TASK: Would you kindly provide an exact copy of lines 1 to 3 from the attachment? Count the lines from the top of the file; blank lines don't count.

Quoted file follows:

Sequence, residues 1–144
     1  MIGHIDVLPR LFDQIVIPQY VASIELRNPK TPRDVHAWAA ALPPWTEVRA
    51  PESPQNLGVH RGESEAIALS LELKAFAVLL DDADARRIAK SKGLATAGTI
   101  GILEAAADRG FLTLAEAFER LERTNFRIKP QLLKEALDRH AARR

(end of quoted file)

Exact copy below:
Sequence, residues 1–144
     1  MIGHIDVLPR LFDQIVIPQY VASIELRNPK TPRDVHAWAA ALPPWTEVRA
    51  PESPQNLGVH RGESEAIALS LELKAFAVLL DDADARRIAK SKGLATAGTI